In comparison, Comitia draws about 40,000 people to its events, which are held four times per year. Comitia is exclusively for doujinshi creators, and only completely original works (i.e.: No fan works, or copyrighted content which you don’t own) are allowed to be sold. Publishers do show up in a limited capacity–they have an area where manga editors will sit and you can pitch them your work to be published at their company, which is pretty cool! But the primary focus is on the hundreds of creators or groups (a group of manga creators working together is called a “circle”) selling original works. This event only takes over one of the two halls (usually). In 2021, it will only take over one of the newer adjacent buildings. So compared to Comiket, Comitia is a much smaller event, with more personal and idiosyncratic works, but still absolutely massive and overwhelming compared to any similar event in Europe or N. America. The Comitia website (Japanese) is at https://www.comitia.co.jp/.

Tokyo Big Sight, 2013.

45:00 SF Kenkyu-kai – I Couldn’t find anything on this Doujinshi Circle, but I did stumble over the French-language Wikipedia for Panpanya, just now, which is STACKED with info! Panpanya doesn’t even have an English-language wikipedia entry at all, it was sort of a shock to see a really full entry in French. NICE. Maybe someone can copy this back into English? Any Wiki Editors in the audience?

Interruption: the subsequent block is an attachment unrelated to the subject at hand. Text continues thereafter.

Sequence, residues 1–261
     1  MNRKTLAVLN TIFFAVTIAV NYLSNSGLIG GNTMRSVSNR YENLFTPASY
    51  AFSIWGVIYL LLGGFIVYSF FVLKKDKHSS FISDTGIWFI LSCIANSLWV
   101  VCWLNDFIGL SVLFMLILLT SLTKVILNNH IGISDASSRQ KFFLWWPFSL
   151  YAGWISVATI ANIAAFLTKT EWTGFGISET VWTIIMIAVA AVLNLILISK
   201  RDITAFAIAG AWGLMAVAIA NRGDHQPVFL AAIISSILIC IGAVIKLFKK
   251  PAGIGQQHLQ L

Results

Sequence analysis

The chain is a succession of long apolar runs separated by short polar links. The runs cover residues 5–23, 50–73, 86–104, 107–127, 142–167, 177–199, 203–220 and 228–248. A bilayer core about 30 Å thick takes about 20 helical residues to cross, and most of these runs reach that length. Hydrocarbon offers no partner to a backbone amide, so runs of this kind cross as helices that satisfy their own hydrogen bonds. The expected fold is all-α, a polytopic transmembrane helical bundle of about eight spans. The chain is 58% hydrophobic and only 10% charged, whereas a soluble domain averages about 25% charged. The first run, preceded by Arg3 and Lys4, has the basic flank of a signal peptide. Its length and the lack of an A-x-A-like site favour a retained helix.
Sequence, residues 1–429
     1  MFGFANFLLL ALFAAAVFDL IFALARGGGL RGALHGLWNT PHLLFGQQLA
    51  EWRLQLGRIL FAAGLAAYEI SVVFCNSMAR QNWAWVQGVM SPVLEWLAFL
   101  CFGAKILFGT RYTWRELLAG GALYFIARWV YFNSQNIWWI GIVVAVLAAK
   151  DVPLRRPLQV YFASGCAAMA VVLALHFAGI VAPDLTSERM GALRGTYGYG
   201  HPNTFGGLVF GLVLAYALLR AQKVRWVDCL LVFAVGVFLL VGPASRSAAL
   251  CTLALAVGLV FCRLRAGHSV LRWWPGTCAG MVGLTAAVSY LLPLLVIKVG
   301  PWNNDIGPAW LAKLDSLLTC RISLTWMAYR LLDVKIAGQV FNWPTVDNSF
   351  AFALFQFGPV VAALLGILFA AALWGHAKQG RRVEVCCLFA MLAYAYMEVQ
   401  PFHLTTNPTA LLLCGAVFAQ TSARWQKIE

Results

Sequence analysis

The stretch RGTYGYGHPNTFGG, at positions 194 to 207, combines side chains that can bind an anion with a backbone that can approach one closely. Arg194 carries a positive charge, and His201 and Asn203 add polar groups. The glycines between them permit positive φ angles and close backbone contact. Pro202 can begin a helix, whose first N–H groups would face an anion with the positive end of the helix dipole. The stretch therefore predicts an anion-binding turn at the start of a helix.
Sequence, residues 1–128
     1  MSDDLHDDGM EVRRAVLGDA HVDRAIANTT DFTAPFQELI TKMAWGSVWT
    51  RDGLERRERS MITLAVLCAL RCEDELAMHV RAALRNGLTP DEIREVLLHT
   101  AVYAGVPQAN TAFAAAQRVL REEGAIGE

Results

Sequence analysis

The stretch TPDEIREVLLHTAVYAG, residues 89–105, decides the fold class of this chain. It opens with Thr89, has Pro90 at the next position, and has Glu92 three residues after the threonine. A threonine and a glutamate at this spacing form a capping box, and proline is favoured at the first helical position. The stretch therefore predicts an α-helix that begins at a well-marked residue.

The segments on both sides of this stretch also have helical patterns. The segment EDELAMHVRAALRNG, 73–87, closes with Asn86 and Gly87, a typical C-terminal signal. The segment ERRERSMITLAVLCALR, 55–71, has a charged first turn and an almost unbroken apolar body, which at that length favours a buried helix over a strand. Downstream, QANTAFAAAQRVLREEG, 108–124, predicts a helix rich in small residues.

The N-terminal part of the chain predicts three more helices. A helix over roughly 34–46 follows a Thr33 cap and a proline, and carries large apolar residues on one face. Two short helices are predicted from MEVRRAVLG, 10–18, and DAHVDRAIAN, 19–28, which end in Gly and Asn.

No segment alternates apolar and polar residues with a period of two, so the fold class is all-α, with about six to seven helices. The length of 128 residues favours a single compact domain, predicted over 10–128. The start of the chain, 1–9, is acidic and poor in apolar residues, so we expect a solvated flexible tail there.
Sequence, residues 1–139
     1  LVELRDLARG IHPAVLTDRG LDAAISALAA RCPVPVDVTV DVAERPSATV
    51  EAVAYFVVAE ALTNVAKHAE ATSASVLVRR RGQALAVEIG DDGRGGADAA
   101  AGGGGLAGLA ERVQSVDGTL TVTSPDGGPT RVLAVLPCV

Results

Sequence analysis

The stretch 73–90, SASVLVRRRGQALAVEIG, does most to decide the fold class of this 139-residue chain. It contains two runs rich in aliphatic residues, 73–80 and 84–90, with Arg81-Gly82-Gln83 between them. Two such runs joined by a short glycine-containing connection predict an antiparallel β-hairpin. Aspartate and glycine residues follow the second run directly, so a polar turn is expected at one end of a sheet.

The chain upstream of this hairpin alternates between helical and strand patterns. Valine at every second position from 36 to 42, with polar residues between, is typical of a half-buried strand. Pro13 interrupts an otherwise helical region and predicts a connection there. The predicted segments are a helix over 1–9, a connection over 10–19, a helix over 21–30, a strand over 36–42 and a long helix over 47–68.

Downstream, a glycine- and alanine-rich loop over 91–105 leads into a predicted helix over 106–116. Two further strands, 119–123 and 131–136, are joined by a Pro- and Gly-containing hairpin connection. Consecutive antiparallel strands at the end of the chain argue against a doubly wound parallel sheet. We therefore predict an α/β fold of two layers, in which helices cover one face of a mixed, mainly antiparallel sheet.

https://fr.wikipedia.org/wiki/Panpanya

49:45 So I want to clarify something here, because I think it’s a common feeling these days as the hype-train is maybe bigger than it’s ever been, for everything. I generally like alt-manga, and Ko’s enthusiasm for this work (back before it was released) got me really, really excited. Flipping through some samples, and even getting the book, I was actually really thrilled. It looked almost alien, so exciting, you know? But then I read it, and we get to the sentiment expressed at the beginning of this episode–I bounced off of it. Maybe because I was so excited? Or I had different expectations? Anyway, it took reading through it and getting to a story that really worked for me, and getting onto Panpanya’s vibe, that the work ‘clicked’ for me, and then going back and reading from the beginning again I had a very different take.

It’s complicated! But I think it’s interesting to see a reader’s  perceptions, reactions, and understanding of a comic can change over several re-readings.

52:30 Shout out to me– predicted that someone might bounce off of this super hard. I just thought it’d be Chip, not David and/or Deb. 😉